ICP-AES (Inductively Coupled Plasma Atomic Emission Spectroscopy) is a technique for analyzing the elemental composition of a sample by measuring the light emitted from excited atoms in a plasma.

What are the advantages of ICP-AES?

ICP-AES offers good sensitivity, simultaneous multi-element analysis, and is suitable for a wide range of elements, especially major elements.

What is ICP-MS?

ICP-MS (Inductively Coupled Plasma Mass Spectrometry) is an analytical technique that uses a plasma source to ionize sample atoms and a mass spectrometer to measure their mass-to-charge ratio.

What are the limitations of ICP-AES?

Limitations of ICP-AES include lower sensitivity for trace elements and interference from spectral overlaps.

How does ICP-AES work?

In ICP-AES, a sample is introduced into a plasma, where it is atomized and excited. The emitted light is measured at specific wavelengths corresponding to different elements.

How does ICP-MS work?

In ICP-MS, a sample is introduced into a plasma, where it is ionized. The ions are then separated by their mass-to-charge ratio using a mass spectrometer and detected.

What are common applications of ICP-AES?

ICP-AES is commonly used in environmental analysis, metallurgy, geochemistry, and quality control of materials.

What are common applications of ICP-MS?

ICP-MS is used in environmental monitoring, bioanalysis, isotopic studies, and trace element analysis in various fields.

What are the advantages of ICP-MS?

ICP-MS provides higher sensitivity, lower detection limits, isotopic information, and can analyze a broader range of elements, including trace elements.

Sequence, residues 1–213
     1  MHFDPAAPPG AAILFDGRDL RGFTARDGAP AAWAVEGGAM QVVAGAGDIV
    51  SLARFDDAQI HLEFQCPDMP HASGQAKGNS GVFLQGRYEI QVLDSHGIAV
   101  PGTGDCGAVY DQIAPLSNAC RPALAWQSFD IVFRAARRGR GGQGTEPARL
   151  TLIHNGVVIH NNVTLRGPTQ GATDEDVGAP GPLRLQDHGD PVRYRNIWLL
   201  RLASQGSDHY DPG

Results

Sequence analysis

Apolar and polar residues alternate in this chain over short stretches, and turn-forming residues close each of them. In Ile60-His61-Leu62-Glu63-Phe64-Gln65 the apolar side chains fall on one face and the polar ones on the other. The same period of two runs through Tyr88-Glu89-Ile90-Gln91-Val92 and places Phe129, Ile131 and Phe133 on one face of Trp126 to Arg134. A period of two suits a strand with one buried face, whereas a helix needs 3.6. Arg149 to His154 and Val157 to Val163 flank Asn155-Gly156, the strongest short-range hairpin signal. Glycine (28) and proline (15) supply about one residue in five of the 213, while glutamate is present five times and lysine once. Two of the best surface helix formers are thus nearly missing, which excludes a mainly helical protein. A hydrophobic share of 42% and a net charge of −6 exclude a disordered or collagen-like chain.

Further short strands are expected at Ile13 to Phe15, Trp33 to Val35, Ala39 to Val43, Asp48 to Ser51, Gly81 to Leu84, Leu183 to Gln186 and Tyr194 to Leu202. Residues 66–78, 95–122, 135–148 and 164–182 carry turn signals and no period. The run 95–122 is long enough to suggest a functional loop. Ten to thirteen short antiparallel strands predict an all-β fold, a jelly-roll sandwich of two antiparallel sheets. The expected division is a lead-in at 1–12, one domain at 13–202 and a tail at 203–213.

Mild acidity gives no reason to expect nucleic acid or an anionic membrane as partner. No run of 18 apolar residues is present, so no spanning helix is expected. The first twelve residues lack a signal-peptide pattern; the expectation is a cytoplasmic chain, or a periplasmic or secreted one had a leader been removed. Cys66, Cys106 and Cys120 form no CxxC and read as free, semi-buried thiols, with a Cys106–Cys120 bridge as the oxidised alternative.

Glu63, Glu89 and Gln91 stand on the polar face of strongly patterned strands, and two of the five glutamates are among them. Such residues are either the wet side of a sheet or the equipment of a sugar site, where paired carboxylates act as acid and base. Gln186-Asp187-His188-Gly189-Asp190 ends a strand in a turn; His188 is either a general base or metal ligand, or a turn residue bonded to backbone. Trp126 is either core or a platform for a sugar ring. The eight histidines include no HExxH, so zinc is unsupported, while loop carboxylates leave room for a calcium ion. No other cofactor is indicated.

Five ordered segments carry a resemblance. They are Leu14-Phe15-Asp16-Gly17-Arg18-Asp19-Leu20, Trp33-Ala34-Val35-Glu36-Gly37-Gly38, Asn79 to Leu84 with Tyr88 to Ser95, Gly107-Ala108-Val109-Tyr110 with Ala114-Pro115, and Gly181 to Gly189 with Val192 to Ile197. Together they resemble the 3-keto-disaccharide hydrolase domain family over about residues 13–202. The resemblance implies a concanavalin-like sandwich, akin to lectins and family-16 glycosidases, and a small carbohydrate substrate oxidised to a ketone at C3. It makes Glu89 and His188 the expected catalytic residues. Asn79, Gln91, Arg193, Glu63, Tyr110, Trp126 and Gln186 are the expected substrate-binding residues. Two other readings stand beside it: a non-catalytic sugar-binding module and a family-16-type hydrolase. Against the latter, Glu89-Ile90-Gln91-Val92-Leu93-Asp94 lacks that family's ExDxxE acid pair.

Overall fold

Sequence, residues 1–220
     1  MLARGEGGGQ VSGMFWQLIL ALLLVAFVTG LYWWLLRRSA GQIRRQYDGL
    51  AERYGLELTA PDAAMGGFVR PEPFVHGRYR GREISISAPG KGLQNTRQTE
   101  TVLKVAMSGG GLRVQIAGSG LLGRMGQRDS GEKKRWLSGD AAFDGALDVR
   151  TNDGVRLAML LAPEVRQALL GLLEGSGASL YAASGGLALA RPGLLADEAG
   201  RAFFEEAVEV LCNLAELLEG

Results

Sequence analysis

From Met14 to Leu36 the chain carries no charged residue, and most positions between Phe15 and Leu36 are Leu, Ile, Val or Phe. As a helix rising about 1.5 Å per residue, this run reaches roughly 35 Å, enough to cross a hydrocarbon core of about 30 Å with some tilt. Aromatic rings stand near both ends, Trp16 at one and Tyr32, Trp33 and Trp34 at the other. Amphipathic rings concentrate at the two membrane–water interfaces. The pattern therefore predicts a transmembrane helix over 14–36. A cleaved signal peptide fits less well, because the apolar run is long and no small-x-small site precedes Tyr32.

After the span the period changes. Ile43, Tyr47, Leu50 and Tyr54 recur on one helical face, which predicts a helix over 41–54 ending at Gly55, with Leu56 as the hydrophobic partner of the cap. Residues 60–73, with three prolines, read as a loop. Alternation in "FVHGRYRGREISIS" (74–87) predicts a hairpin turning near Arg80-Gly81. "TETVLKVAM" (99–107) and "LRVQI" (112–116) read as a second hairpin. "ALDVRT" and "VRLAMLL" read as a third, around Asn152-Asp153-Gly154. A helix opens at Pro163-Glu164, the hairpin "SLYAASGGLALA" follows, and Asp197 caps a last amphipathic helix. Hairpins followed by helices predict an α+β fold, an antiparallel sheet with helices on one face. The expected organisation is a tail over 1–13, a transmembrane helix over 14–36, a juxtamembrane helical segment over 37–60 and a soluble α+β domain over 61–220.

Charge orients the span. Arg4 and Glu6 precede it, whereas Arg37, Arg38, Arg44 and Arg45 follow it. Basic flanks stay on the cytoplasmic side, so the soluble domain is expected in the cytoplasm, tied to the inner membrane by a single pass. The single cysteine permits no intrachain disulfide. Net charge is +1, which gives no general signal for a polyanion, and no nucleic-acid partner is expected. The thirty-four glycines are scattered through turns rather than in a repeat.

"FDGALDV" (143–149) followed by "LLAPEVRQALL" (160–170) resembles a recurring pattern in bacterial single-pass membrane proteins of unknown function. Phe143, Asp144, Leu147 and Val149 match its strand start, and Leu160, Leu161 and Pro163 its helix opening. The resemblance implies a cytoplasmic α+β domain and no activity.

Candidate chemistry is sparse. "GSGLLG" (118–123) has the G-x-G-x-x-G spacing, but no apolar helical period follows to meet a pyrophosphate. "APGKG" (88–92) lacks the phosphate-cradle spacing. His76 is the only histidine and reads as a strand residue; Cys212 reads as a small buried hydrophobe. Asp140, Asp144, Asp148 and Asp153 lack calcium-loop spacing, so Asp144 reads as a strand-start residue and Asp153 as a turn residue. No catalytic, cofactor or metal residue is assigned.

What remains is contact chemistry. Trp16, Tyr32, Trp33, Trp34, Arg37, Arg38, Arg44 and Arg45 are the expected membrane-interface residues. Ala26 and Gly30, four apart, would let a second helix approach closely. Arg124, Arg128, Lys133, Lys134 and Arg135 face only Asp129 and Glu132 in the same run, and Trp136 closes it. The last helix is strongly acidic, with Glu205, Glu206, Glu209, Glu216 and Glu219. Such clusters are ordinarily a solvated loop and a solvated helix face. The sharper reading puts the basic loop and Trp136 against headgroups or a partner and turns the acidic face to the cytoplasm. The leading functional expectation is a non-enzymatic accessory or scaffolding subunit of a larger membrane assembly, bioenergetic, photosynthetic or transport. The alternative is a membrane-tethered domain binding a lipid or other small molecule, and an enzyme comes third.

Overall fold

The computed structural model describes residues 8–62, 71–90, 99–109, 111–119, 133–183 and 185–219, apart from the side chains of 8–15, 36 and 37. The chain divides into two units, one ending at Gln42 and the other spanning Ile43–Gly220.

Is ICP-AES suitable for trace element analysis?

ICP-AES is suitable for trace element analysis, but it may not be as sensitive as ICP-MS for very low concentrations.

Can ICP-AES provide isotopic information?

No, ICP-AES cannot provide isotopic information; it only measures the total concentration of elements.

Can ICP-AES and ICP-MS be used for qualitative analysis?

Both ICP-AES and ICP-MS are primarily used for quantitative analysis, but they can provide qualitative information about the presence of elements.

How do the costs of ICP-AES and ICP-MS compare?

ICP-MS is generally more expensive than ICP-AES due to its higher sensitivity and complexity.

Can ICP-AES and ICP-MS be used together in a single analysis?

While ICP-AES and ICP-MS are typically used separately, they can complement each other in a comprehensive analysis, with ICP-AES for major elements and ICP-MS for trace elements and isotopes.

What are the limitations of ICP-MS?

Limitations of ICP-MS include potential interferences from polyatomic ions and matrix effects, as well as higher cost and complexity.

What type of samples can be analyzed by ICP-MS?

ICP-MS can analyze liquids, solids (after digestion), and gases, with a focus on trace element analysis.

What type of samples can be analyzed by ICP-AES?

ICP-AES can analyze a variety of samples, including liquids, solids (after digestion), and gases.

Is ICP-MS suitable for major element analysis?

ICP-MS can be used for major element analysis, but it is often preferred for trace element analysis due to its higher sensitivity.

Can ICP-MS differentiate between isotopes of the same element?

Yes, ICP-MS can differentiate between isotopes of the same element, making it useful for isotope ratio analysis.

How do sample preparation methods differ for ICP-AES and ICP-MS?

Sample preparation methods for ICP-AES and ICP-MS are similar, involving digestion or dilution, but ICP-MS may require more careful preparation to avoid contamination.
About Author
Written by
Janet White
Janet White has been an esteemed writer and blogger for Difference Wiki. Holding a Master's degree in Science and Medical Journalism from the prestigious Boston University, she has consistently demonstrated her expertise and passion for her field. When she's not immersed in her work, Janet relishes her time exercising, delving into a good book, and cherishing moments with friends and family.
Edited by
Aimie Carlson
Aimie Carlson, holding a master's degree in English literature, is a fervent English language enthusiast. She lends her writing talents to Difference Wiki, a prominent website that specializes in comparisons, offering readers insightful analyses that both captivate and inform.